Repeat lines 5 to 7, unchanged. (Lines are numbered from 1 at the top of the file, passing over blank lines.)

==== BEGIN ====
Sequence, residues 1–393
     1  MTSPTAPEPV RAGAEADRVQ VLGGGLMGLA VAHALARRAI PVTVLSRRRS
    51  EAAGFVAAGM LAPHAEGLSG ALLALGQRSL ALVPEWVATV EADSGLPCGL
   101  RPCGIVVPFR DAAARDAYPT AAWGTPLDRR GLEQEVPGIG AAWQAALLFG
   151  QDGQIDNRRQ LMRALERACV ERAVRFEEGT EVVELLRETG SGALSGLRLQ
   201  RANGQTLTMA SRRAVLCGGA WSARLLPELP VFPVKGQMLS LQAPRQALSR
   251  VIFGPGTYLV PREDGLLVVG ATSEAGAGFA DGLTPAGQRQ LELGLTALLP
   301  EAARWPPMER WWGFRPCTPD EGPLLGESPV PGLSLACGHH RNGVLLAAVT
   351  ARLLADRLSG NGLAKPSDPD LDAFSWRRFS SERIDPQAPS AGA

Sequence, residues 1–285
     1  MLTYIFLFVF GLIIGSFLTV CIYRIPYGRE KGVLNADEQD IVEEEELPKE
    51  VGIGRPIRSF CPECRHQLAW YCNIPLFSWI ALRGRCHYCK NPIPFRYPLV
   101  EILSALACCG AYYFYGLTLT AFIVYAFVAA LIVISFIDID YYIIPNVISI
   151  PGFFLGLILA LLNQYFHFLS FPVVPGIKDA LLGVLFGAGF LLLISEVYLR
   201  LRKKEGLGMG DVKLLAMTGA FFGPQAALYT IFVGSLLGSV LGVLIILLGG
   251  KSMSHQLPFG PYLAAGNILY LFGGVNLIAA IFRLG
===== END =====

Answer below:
   151  QDGQIDNRRQ LMRALERACV ERAVRFEEGT EVVELLRETG SGALSGLRLQ
   201  RANGQTLTMA SRRAVLCGGA WSARLLPELP VFPVKGQMLS LQAPRQALSR
   251  VIFGPGTYLV PREDGLLVVG ATSEAGAGFA DGLTPAGQRQ LELGLTALLP